The development was also carried in The LA Weekly and KABC Channel 7.

August

Wired UK
Computer Scientists Achieve ‘Iron Wall’ Software Obfuscation to Protect IP
An article in Wired UK highlights the breakthrough of UCLA computer science professor Amit Sahai and colleagues on software obfuscation. The team used “mathematical jigsaw puzzles” to make software fully functional, but impervious to reverse engineering attempts.
The news was also carried in:QZ; GigaOm; R&D Mag; Engineering and Technology (U.K.); PhysOrg; RedOrbit; United Press International; Laboratory Equipment; ThreatPost; and ScienceDaily.

Mashable
This Film Could Turn Your Smartphone Into a Solar Panel
Researchers at UCLA have developed a two-layer, see-through solar film that can be placed on any number of glass surfaces to harvest energy from the sun. The thin device uses two polymer solar cells to collect sunlight and then convert it into useable power, and can be used on windows in your home, the sunroof of your car, and even the display of your smartphone. The technology could one day be included in those products.
The news was also carried in:KCET; CleanTechnica;and GigaOm.

Forbes
Causes Beyond Correlation
A column in Forbes on a company’s goal to find causes, not just correlations, through massive computing and  big data analytics, cites the pioneering work on Bayesian networks by UCLA computer science professor Judea Pearl for paving the way in this area.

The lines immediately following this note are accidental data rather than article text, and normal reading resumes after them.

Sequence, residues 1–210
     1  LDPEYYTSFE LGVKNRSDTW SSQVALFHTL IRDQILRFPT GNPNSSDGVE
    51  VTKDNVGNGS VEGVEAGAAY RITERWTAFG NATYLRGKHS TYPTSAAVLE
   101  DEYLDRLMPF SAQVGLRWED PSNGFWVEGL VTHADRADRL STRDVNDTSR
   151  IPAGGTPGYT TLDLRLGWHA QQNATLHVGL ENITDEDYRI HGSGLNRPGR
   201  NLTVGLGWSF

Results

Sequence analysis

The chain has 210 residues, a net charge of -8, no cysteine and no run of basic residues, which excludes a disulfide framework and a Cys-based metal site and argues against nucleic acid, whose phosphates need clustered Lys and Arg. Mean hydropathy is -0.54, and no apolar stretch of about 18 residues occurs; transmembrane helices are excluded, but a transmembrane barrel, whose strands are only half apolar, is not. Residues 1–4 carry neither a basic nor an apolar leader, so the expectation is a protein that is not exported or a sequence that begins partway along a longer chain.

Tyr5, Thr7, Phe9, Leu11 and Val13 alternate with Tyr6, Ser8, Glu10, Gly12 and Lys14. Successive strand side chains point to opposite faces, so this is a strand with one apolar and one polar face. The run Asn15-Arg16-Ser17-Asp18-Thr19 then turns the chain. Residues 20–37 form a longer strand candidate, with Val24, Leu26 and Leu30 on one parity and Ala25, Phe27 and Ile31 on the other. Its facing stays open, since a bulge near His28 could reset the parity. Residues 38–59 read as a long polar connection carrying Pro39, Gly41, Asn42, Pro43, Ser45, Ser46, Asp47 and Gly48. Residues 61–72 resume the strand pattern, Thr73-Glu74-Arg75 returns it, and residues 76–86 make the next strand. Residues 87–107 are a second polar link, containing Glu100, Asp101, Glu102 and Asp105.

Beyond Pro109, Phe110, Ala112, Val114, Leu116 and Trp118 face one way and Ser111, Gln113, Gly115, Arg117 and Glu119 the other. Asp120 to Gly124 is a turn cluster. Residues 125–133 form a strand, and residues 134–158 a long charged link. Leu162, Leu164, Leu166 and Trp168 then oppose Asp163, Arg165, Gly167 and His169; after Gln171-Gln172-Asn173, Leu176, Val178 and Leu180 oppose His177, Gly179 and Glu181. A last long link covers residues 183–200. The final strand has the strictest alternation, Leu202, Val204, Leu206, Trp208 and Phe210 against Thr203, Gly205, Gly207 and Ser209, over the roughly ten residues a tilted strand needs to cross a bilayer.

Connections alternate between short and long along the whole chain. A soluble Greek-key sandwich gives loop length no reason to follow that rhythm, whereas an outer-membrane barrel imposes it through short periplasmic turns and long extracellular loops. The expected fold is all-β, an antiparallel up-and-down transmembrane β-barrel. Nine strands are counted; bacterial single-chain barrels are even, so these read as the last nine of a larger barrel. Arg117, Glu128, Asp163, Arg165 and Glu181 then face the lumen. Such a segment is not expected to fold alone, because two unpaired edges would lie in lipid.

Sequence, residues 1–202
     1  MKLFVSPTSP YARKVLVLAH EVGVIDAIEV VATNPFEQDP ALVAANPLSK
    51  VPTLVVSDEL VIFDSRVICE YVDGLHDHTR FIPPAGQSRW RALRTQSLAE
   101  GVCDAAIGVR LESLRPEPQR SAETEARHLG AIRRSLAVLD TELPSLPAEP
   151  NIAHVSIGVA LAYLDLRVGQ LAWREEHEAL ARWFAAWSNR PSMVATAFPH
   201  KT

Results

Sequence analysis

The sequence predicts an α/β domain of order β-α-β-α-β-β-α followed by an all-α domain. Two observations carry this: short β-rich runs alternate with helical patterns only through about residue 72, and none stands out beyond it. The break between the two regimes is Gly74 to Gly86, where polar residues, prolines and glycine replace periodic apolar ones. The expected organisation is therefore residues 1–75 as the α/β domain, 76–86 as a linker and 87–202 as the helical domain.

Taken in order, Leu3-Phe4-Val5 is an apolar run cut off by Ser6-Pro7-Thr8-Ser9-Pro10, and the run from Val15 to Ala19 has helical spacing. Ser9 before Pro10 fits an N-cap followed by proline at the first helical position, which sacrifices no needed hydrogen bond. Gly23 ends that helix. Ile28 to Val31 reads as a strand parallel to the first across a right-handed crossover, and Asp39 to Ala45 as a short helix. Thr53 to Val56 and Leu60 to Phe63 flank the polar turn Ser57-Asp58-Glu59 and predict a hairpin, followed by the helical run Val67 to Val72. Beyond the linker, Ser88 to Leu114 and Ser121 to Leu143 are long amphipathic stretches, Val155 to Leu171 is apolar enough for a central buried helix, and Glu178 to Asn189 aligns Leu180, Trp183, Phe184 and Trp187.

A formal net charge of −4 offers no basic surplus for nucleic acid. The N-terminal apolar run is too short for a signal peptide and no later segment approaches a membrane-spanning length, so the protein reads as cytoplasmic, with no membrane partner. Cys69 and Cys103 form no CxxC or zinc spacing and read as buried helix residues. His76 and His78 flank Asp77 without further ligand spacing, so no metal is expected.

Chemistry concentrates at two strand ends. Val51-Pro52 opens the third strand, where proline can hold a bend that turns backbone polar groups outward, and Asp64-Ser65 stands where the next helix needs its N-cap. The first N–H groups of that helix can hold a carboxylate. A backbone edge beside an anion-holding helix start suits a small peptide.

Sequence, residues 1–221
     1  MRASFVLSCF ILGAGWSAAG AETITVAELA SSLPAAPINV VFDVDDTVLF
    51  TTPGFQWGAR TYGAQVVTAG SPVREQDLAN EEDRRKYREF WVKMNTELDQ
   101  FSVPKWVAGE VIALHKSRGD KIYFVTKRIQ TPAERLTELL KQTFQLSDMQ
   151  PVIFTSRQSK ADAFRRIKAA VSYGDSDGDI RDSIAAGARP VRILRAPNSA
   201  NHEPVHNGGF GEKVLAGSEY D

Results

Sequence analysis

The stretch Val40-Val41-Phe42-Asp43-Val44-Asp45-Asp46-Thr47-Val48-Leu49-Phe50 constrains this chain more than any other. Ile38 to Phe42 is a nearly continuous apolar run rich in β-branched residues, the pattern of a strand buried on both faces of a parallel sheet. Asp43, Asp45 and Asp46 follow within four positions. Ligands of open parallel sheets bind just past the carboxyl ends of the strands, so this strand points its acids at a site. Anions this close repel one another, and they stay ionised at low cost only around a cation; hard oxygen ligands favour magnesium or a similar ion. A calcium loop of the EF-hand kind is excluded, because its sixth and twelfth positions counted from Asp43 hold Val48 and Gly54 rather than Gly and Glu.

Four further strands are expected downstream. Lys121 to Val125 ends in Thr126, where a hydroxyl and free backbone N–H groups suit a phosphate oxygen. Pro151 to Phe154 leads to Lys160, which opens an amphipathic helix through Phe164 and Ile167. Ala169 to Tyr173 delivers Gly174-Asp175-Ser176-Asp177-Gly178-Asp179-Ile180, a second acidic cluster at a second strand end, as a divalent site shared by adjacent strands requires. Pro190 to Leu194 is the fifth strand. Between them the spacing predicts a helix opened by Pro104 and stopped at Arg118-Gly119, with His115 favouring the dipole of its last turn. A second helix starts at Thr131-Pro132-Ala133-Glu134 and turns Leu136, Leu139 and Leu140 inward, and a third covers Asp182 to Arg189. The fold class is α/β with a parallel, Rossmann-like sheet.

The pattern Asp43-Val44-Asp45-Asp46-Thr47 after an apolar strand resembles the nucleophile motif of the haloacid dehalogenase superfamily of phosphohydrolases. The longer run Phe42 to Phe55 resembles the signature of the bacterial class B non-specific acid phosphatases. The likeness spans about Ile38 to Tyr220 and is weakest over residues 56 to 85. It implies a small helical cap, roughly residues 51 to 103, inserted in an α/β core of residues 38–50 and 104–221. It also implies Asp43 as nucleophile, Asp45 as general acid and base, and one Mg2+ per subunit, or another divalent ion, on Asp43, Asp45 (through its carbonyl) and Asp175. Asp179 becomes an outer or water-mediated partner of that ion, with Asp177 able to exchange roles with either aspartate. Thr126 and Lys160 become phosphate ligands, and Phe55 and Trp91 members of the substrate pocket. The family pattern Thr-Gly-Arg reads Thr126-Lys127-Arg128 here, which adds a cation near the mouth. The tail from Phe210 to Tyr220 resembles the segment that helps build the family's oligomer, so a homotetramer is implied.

Gizmodo
UCLA’s 1948 Mechanical Computer Was Simply Gorgeous To Watch in Action
Gizmodos Paleofuture blog highlighted a 1948 film short on UCLA’s “thinking machine,” a mechanical differential analyzer that sped up solutions to complicated mathematical problems.
The short film was also recently featured in Wired.

July

KPCC 89.3 Take Two
A Coded Message in UCLA’s Campus Floor Tiles
UCLA’s Boelter Hall contains a secret code hidden in its floor tiles. KPCC’s Take Two program catches up with computer science professor and Internet pioneer Leonard Kleinrock on the meaning behind the message.
In June, Take Two interviewed Kleinrock about the recently revealed federal government surveillance of Internet and telephone usage.

May

KCET
Imagine a ‘Battery’ that Charges 100 Times Faster
KCET’s Rewire blog featured research led by Professor Bruce Dunn on a new material for power delivery that could lead to a high-performance ‘supercapacitor.’ Graduate student Veronica Augustyn was the lead author on the research.

April

Los Angeles Times
Engineers, Conservationists Work on Lasting Fix for Watts Towers
A team of LACMA conservators and UCLA engineers get to root of deterioration problem affecting the 17 interconnecting sculptures of Watts Towers. The towers have been deteriorating for years, prompting quick patch jobs that did little long-term good. Now, a team of engineers from UCLA and conservationists from LACMA have descended on Watts to try to discover the root problems for the decay and come up with a more lasting fix.